I’ve written many times on the subject of using a model of what, why, and how as a method of working with customers and clients. Of the three words why is the most difficult. It’s also the one we tend to skip over and assume that we know the answer so we can just move on.
The first mistake with why is assuming we know the answer. I often will say to someone I think we both know the reason for your why, but could you just go over it one more time with me? I’ve learned that skipping this step and assuming I know the answer is often a mistake.
Before we move on with a project I believe it’s most important for both the client and myself to be absolutely clear why we’re working on something. I often feel uncomfortable asking what appears to be an obvious question. I also know that if I don’t ask the question we will move in a direction that really doesn’t get us to where the client wants to go.
I almost never stop with the first answer. When I ask why something is important, even if we both think we know the reason, I often will ask several follow up questions on the original question. The reason is the answer I usually get when I ask why something is important is actually what they want to do and not why. Or, if the answer is why it’s not specific enough for me to really understand the clients reasoning.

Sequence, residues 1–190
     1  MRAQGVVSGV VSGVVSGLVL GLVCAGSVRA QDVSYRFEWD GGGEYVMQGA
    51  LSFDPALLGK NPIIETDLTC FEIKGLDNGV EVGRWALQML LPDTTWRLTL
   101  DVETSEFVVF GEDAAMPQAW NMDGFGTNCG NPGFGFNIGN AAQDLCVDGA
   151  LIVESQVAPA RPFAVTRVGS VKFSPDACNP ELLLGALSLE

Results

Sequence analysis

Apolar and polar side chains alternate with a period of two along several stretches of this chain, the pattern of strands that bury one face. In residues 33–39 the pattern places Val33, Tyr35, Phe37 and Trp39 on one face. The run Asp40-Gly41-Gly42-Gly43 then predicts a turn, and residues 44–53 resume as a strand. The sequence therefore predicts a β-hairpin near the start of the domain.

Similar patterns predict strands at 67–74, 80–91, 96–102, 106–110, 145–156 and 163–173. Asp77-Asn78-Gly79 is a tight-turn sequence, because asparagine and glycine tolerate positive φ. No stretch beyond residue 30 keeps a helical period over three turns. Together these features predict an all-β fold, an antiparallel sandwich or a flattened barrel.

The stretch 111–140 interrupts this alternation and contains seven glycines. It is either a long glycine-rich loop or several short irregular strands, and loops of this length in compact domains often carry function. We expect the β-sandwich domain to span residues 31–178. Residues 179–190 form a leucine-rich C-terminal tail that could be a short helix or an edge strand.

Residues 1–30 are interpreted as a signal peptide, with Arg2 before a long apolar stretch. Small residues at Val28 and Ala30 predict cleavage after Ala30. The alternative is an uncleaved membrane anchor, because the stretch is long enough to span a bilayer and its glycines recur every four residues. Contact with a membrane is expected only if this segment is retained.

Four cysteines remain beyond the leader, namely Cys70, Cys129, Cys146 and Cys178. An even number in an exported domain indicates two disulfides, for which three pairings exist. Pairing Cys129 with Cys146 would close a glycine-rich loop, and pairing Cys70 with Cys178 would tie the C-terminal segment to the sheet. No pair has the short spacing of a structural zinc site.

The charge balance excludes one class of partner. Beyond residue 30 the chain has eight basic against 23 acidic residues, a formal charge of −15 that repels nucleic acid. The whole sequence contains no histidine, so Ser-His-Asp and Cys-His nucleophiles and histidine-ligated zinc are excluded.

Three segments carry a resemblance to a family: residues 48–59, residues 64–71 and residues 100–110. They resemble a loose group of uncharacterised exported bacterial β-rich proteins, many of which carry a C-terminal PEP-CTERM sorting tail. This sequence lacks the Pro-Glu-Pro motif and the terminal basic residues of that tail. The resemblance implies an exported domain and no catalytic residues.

Having a very specific answer about why something is important helps in two ways. The first is that having a specific why allows us to know that we are working on the correct issue. The second is the more specific the answer to why is the more buy in and support I get from the people I’m working with.
I recently was working with a company about putting together a system for a two-way communication throughout the company. Our conversation was focusing on using either email or an intranet to accomplish this purpose. After our conversation was over I realized we never had a complete answer to why this was important. Without that answer we didn’t know if what we were trying to do or certainly how we were going to accomplish it was even close to correct.
I’m going to have to go back and re-visit why having two-way communication is important. The answer to why will help us with what it is we’re actually trying to accomplish. It’s the why that’s the key in this situation.
Remember it’s not what or how that’s important. It’s why we do things that are important. The best way to get to a good why is just continue asking the obvious questions that we think we know the answer to. If we do that, we’ll end up working more efficiently and get better results.
One of my favorite ways of communicating is through mind maps. I’ve put together several mind maps on various strategies that we use with our customers. Click on the button below and you’ll be brought to our mind map resource center. You’ll be able to choose various examples of maps and processes that we use.